Rally round West Indies, boyo
Ottis Gibson, the West Indies coach, is looking forward to returning to Wales with his West Indies team during the Champions Trophy, for what could be a group decider against South Africa, holding fond memories of his time there for Glamorgan.
Gibson played for the county from 1994 to 1996 and remembers the support he received from crowds that have "passion and love" for the sport and hopes that can be replicated on June 14.
West Indies play their opening two matches at The Oval in London, against Pakistan and India, where they will like to think they can latch onto the Caribbean community which used to support the team in force during their heydays of the 1980s but the fans have been a far smaller presence in recent years with the side struggling.
However, the Welsh public have had few chances to see West Indies in their backyard - they have only played a single ODI, against New Zealand, in 2004 - and Gibson has asked them for a strong display of support.
"I played for Glamorgan in the early stages of my cricket career and people welcomed me into the county. It was a really good time and the people of Wales were nice and good to me," he said. "The people there are very passionate about their team. I believe if we can get there early and get the support of the locals that would be great for us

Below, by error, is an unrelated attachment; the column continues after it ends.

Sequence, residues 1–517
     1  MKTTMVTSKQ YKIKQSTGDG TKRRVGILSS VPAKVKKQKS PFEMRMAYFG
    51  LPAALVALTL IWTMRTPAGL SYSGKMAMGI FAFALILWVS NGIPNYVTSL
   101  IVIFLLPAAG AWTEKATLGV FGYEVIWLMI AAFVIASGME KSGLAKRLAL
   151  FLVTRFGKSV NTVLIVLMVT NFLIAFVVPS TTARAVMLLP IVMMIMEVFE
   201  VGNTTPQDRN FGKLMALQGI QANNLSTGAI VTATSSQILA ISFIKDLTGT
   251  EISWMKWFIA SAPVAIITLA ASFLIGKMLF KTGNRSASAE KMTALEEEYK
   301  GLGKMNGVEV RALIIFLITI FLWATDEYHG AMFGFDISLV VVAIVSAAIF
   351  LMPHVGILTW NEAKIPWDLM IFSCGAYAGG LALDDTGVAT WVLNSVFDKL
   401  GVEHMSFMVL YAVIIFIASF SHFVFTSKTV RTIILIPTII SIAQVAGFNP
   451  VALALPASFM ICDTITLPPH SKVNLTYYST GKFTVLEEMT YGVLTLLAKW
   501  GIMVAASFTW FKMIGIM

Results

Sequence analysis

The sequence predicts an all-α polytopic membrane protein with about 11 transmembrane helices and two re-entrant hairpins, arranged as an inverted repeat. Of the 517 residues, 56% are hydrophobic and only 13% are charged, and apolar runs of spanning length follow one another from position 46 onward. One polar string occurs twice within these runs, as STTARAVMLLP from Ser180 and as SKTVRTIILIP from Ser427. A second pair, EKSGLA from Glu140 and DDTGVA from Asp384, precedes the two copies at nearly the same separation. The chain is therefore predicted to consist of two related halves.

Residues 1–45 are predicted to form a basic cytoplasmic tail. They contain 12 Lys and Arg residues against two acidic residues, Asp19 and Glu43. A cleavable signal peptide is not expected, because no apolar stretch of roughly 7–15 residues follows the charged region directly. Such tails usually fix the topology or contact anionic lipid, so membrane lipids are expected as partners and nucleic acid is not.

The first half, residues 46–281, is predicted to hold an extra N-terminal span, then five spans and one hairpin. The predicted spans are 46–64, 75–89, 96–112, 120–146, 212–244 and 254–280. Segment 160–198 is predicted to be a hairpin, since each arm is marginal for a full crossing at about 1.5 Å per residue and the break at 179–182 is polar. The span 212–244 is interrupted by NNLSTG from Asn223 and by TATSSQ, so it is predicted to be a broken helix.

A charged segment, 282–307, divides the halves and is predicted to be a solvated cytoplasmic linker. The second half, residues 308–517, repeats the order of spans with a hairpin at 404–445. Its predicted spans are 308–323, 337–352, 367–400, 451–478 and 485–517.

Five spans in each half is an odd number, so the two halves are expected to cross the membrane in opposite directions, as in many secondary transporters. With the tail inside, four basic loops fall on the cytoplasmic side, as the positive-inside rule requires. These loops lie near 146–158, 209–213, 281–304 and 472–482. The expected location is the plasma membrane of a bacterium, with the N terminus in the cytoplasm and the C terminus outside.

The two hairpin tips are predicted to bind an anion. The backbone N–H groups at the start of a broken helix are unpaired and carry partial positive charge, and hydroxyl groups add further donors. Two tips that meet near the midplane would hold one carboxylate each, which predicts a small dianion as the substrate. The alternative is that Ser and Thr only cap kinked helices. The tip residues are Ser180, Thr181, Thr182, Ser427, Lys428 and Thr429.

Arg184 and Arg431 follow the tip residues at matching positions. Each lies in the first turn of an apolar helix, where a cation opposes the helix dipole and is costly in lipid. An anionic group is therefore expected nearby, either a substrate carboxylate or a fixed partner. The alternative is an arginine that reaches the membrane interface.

"I had many highlights from my time there; I got over 60 wickets and made 700 runs in my debut season, so that was a very good start to my county cricket career in the UK. I had a very good time and great experience.
"When I was at Glamorgan, we also had amazing support when we played around the county circuit and at Cardiff Wales Stadium and I know that support has continued over the years. It's a wonderful place for sports and you always feel the passion and love for sports over there."
However, Gibson's first priority will be to ensure his team still have a chance of progressing to the semi-finals when they reach Cardiff. October's Twenty20 success gave the long-suffering fans in the Caribbean a moment to savour, but Gibson knows it is vital the team build on that especially with a World Cup to follow in 2015.
"This is a good opportunity for us as a one-day team to see where we are compared to the other guys. This tournament format is similar to how the World Cup is going to be - you have to get out of the group stage to advance to the second phase.
"We hope the success and the experience we had in Sri Lanka will help everybody to stay calm when the pressure is on. We believe we can win these big tournaments. So, this is something that we are really looking forward to."